بررسی تصویرسازی حرکتی با استفاده از کار چرخش دست: آیا تغییر عملکرد در سراسر دوران کودکی است؟
|کد مقاله||سال انتشار||مقاله انگلیسی||ترجمه فارسی||تعداد کلمات|
|29677||2014||15 صفحه PDF||سفارش دهید||9326 کلمه|
Publisher : Elsevier - Science Direct (الزویر - ساینس دایرکت)
Journal : Human Movement Science, Volume 35, June 2014, Pages 50–65
This study examined at what age children can engage in the hand rotation task (as a measure of motor imagery); whether engagement changes across development and; the influence of age and motor skill on performance. Children were aged 5–12 years (N = 101; 52 girls), with no IQ or motor skill impairment. Less than 40% of 5–6 year olds completed the hand rotation with sufficient accuracy for further analysis, compared with 80% of 7–8 year olds, and 90% aged 9 and above. From age 7, either or both response time (RT) and accuracy conformed to the biomechanical constraints of corresponding physical movements. Although RT did not improve with age, accuracy did, with 11 year olds significantly more accurate than 7 and 8 year olds. Importantly, efficiency (RT/accuracy) improved with age and both age, in months, and motor skill level were significant predictors of efficiency, accounting for 35% and 8% of variability, respectively. Improvements in motor imagery ability during childhood are likely the result of increased neural efficiency, developing as the result of complex interactions between endogenous and exogenous factors. This highlights the need for a multidisciplinary approach to further our understanding of the emergence of motor imagery ability.
Motor imagery paradigms, which require individuals to produce a dynamic simulation of movement (without any overt accompanying movement), are increasingly being used to investigate the ability of an individual to mentally represent movement. Internal representations of movement are thought to play a critical role in a number of motor control processes, including mental rehearsal and observational learning (Jeannerod, 2001), motor planning (Wolpert & Ghahramani, 2000), and online movement control (Desmurget and Grafton, 2000 and Izawa and Shadmehr, 2011). These representations are dynamic, in that they are constantly updated as a result of an individual’s movement interactions with their environment and changes in body kinematics that occur during development (Choudhury et al., 2007, Miall and Wolpert, 1996 and Wolpert et al., 1995). It is currently unclear at what age these representations form or become consciously accessible, but it has been suggested that children must first gain some level of implicit knowledge of the relationship between the motor commands they generate, the environment and the effects on their moving body before they can accurately generate an internal representation of movement (Caeyenberghs, Wilson, Van Roon, Swinnen, & Smits-Engelsman, 2009). Understanding the emergence and development of these internal representations is crucial to our understanding of motor development and to enable us to better understand the atypical motor imagery performance of children with motor skill impairment (see below). To examine these representations, we need to be sure that the motor imagery tasks being utilized are age-appropriate. Currently, the majority of studies examining motor imagery in children have utilized tasks that have been borrowed from adult studies and though for the most part these tasks are supported by neuroimaging data that indicates they can effectively engage participants in motor imagery (e.g., de Lange et al., 2006, Kosslyn et al., 1998, Parsons, 1987 and Parsons and Fox, 1998), their valid use in children is less well established. Therefore, the first aim of this experimental study was to explore whether one such task, the hand rotation task, engages children aged 5–12 years in motor imagery. To establish this, response times and accuracy to posturally congruent and posturally incongruent stimuli were compared in order to confirm the presence of biomechanically constrained movement simulations (indicating the use of motor, rather than visual, imagery: see below). Following this, if analyses were to indicate that children were effectively engaged in motor imagery while performing the hand rotation task, the study aimed to determine how performance changes across age and what influence motor skill level has on performance.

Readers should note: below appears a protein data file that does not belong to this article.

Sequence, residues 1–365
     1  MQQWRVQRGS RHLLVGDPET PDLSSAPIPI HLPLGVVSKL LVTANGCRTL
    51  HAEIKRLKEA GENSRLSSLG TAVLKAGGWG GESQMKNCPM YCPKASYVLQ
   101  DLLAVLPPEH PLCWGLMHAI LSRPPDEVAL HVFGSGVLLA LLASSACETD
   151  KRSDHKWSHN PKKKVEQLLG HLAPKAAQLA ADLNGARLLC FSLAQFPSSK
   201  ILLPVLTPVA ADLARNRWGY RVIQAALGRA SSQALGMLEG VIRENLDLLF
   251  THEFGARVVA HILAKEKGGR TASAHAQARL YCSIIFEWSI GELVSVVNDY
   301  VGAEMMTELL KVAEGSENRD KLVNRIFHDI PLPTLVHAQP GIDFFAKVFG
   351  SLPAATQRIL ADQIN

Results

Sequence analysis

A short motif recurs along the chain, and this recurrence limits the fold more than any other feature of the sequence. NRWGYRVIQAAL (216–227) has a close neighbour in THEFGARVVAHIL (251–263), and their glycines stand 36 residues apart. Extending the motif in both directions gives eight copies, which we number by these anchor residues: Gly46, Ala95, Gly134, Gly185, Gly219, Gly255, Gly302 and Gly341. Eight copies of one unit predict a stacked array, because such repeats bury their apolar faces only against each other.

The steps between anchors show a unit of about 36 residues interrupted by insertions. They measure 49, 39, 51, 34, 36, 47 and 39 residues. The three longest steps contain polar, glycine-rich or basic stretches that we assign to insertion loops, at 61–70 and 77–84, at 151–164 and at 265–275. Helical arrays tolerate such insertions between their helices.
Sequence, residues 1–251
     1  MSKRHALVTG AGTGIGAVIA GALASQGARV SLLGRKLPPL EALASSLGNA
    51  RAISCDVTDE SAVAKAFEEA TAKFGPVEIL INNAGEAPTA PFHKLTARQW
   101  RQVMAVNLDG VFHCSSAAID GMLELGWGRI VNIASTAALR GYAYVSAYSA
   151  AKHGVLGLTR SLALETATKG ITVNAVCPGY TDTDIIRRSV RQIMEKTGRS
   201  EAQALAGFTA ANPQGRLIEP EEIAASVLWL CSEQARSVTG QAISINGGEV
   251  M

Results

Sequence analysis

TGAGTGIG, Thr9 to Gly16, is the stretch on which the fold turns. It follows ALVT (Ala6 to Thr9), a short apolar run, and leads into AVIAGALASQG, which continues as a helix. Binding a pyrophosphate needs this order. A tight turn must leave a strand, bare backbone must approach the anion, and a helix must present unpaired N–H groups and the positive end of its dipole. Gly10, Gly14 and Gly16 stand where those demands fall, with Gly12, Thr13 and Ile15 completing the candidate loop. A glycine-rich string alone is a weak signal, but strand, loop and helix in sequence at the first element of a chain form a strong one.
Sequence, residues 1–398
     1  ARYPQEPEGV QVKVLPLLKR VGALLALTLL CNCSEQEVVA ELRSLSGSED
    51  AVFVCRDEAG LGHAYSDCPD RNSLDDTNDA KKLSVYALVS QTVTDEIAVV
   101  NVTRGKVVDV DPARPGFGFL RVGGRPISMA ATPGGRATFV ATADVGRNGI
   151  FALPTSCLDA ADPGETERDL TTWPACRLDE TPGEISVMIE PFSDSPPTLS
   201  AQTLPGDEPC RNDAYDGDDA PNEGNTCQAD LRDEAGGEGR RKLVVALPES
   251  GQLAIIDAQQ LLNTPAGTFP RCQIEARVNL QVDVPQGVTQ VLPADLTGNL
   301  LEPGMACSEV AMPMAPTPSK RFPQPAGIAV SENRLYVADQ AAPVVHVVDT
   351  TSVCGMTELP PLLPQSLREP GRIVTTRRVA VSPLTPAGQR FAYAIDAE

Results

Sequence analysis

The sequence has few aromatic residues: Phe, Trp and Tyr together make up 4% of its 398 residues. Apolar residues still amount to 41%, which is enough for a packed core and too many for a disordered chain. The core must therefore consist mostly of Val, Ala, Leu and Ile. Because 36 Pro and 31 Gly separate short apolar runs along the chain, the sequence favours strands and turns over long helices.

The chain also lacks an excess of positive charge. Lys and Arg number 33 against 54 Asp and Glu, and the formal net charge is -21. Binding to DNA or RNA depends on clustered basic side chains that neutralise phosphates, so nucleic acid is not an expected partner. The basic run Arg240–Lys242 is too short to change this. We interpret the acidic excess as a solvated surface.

نتیجه گیری انگلیسی
The current study has addressed methodological weaknesses present in previous work to allow us to better understand the development of motor imagery, and more specifically, how performance on the hand rotation task improves with age. First, it was demonstrated that although the task may be useful for some children under the age of 7 years, it should be used with caution and in conjunction with solid screening and data analysis techniques. Second, we found that above the age of 7 years, the majority of children were constrained by the biomechanical constraints of real movement when performing the hand rotation task, supporting the use of motor imagery. Third, age-related improvements were identified on the hand rotation task. Age was clearly the biggest predictor of performance efficiency, but motor skill level continued to contribute to the variability in performance after accounting for age. This is the first study to consider both age and standardized motor skill scores together. We argue that the findings that both chronological age and motor skill level contribute independently to motor imagery ability suggests that improved performance is likely the result of increasing levels of neural efficiency and that improvements in neural efficiency are not only the result of age-related changes, but the complex interaction of endogenous and exogenous factors throughout development. We suggest that multidisciplinary studies are needed to fully understand factors affecting the development of motor imagery ability in children.